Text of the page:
Insulate any water lines that run along exterior walls so your water supply will be less likely to freeze. To the extent possible, weatherproof your home by adding weather-stripping, insulation, insulated doors and storm windows, or thermal-pane windows.

If you have pets, bring them indoors. If you cannot bring them inside, provide adequate shelter to keep them warm and make sure that they have access to unfrozen water.

Prepare Your Car:

You can avoid many dangerous winter travel problems by planning ahead. Have maintenance service on your vehicle as often as the manufacturer recommends.

In addition:

1. Have the radiator system serviced, or check the antifreeze level yourself with an antifreeze tester. Add antifreeze, as needed.

2. Replace windshield-wiper fluid with a wintertime mixture.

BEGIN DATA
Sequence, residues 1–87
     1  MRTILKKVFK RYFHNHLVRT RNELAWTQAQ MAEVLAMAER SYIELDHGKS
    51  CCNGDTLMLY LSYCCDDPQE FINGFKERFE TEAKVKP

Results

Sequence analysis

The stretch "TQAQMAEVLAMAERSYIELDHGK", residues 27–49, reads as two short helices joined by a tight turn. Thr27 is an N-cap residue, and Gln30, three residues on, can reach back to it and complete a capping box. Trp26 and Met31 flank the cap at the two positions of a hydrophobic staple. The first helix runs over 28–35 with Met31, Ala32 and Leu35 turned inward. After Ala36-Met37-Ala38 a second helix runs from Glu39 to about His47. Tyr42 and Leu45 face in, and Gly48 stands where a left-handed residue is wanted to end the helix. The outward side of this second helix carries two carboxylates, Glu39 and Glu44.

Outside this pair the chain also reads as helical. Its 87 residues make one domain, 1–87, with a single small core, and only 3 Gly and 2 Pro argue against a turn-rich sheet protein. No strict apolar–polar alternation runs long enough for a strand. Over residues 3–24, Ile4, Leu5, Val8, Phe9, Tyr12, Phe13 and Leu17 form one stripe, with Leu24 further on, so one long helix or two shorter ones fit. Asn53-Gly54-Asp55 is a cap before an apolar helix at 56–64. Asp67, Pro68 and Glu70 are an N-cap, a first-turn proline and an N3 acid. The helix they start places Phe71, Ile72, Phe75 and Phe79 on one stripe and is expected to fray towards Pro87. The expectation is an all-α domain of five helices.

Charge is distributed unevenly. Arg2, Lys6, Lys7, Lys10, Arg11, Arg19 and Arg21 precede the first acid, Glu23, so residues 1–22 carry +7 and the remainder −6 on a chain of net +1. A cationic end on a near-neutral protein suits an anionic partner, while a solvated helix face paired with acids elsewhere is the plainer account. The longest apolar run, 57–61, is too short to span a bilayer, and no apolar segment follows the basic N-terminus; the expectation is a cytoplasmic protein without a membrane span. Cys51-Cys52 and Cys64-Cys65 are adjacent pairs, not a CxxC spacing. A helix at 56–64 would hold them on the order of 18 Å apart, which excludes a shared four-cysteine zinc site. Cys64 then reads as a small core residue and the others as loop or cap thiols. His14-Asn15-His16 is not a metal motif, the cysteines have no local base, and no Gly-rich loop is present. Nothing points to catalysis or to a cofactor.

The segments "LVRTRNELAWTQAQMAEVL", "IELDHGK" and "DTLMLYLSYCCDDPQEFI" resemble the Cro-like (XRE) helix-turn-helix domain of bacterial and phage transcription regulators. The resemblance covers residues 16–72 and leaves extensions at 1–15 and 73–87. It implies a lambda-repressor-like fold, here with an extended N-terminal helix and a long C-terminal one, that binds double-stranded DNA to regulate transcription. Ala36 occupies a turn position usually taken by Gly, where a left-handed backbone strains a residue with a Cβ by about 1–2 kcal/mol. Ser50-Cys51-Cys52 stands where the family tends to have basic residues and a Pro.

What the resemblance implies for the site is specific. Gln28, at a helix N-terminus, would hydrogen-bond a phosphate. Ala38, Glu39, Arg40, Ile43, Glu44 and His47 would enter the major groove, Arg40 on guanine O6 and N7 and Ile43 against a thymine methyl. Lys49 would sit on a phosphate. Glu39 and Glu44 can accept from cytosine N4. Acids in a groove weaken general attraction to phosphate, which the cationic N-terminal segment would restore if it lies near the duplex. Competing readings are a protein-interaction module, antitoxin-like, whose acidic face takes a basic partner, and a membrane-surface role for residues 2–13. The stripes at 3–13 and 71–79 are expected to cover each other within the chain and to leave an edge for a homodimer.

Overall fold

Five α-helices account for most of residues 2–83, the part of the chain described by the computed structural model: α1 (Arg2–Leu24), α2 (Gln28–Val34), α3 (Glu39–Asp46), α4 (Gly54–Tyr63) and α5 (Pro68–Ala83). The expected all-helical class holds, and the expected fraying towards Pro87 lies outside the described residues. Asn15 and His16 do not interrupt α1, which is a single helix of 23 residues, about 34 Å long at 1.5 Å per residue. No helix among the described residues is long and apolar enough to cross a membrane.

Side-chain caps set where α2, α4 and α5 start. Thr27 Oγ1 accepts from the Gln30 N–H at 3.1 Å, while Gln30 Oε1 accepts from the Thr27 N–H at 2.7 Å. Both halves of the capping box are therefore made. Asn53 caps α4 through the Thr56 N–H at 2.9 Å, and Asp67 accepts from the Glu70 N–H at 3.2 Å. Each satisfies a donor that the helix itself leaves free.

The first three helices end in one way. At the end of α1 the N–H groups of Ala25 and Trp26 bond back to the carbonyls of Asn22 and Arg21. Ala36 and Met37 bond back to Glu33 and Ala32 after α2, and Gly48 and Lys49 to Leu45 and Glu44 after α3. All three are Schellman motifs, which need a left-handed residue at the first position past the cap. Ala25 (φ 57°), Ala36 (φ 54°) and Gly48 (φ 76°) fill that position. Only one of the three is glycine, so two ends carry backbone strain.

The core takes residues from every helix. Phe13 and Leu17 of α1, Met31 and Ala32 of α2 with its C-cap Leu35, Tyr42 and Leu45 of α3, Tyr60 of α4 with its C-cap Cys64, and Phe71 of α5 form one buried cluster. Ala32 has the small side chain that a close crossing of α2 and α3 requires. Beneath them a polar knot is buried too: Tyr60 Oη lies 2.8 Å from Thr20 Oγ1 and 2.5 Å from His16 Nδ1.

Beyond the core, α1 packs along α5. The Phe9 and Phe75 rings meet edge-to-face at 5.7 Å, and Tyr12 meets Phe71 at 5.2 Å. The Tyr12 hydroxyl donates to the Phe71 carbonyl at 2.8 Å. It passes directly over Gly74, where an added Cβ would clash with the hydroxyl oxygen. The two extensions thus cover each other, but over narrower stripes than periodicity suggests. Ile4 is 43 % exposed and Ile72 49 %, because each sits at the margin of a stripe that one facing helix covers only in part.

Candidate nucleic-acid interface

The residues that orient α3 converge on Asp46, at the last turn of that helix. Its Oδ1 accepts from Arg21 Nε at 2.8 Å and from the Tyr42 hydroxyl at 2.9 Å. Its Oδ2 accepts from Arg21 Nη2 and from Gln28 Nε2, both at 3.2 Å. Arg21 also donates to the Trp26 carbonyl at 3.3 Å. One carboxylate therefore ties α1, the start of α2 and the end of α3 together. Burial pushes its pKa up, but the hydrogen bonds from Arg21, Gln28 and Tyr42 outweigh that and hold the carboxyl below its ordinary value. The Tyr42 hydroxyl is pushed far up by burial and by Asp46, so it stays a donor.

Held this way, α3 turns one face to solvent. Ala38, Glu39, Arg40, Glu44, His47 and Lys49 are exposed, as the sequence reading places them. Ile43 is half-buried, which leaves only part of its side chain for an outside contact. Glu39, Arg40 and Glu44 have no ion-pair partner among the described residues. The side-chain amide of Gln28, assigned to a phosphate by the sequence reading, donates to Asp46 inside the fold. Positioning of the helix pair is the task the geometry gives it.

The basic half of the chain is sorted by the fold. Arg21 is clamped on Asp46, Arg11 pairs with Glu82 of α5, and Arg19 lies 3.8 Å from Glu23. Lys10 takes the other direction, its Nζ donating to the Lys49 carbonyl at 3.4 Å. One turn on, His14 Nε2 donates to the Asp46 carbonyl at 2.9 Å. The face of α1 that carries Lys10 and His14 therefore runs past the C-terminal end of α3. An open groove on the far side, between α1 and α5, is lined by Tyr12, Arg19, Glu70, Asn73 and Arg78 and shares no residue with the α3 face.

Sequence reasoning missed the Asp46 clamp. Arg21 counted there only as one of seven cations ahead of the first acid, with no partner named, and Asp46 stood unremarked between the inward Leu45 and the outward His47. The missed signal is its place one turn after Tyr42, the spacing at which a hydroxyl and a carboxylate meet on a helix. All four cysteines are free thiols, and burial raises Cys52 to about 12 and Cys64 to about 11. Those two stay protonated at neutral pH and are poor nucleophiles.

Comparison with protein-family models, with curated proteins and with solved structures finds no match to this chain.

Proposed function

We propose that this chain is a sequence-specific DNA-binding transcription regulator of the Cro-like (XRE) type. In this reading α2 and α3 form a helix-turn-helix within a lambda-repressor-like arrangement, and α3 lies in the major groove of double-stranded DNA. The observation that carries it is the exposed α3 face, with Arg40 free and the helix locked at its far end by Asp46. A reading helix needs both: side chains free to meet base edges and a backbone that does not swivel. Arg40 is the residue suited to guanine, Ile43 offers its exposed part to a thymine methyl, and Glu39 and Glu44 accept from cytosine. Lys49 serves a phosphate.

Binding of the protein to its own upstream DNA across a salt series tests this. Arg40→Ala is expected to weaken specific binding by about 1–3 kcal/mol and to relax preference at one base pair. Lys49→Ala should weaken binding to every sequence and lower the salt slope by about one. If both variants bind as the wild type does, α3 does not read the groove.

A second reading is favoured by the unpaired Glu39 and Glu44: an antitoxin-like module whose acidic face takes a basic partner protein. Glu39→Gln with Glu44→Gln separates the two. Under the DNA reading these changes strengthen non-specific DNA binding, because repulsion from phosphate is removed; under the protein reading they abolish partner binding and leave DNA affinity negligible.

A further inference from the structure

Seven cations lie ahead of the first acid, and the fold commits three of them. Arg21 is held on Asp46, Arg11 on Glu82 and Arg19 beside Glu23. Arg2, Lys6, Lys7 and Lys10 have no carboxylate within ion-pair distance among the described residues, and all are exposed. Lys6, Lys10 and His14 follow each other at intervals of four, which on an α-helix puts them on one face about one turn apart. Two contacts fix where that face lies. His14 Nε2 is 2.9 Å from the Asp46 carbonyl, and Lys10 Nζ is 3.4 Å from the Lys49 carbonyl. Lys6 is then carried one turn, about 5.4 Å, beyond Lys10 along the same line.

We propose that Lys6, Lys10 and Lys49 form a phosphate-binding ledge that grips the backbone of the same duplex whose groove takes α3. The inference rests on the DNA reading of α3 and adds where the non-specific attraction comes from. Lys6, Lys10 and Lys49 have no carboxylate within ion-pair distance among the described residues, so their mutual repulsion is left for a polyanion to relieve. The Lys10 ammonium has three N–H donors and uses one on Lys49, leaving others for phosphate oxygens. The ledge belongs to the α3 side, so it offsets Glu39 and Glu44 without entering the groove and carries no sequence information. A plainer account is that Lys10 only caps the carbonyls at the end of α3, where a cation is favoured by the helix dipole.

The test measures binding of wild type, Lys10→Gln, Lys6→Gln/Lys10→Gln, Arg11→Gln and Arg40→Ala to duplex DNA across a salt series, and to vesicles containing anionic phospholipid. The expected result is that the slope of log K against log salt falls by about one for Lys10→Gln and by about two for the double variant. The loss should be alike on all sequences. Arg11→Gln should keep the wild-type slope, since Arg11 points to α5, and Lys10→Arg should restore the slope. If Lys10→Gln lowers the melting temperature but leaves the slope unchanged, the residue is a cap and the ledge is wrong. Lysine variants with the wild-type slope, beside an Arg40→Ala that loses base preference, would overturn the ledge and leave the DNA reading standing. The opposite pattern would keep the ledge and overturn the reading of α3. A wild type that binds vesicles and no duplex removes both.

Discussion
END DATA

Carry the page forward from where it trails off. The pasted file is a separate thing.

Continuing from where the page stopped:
3. Replace any worn tires, and check the air pressure in the tires.

4. During winter, keep the gas tank near full to help avoid ice in the tank and fuel lines.

Working in the Cold:

Working in cold weather puts a tremendous strain on the body, even for people in good shape.

Take frequent breaks and don't overexert yourself. Make sure you dress properly for the conditions. Wear several layers of lightweight clothing. Air is trapped between the layers to help keep the body warm. Protect the extremities, such as the hands, feet and ears as they are the most susceptible to frostbite. Wear a hat as a large percentage of the body's heat is lost through the top of the head.

(Winter Safety Tips from the CDC)




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Jefferson January 22, 2008 9:37 am (Pacific time)

" just me", please be aware if it is cold- it's global warming; if it's raining too much- it's global warming; if it's record snow- it's global warming; it it's whatever type of weather- it's global warming. I guess in the fullness of time reality will answer what is happening. My guess, we humans really have little impact on climate, not zero impact, just not enough to effect natural cycles...


just me January 22, 2008 1:44 am (Pacific time)

What happened to Global Warming? I guess it's gone for now. What a joke that was. It will be back in the summer time I guess.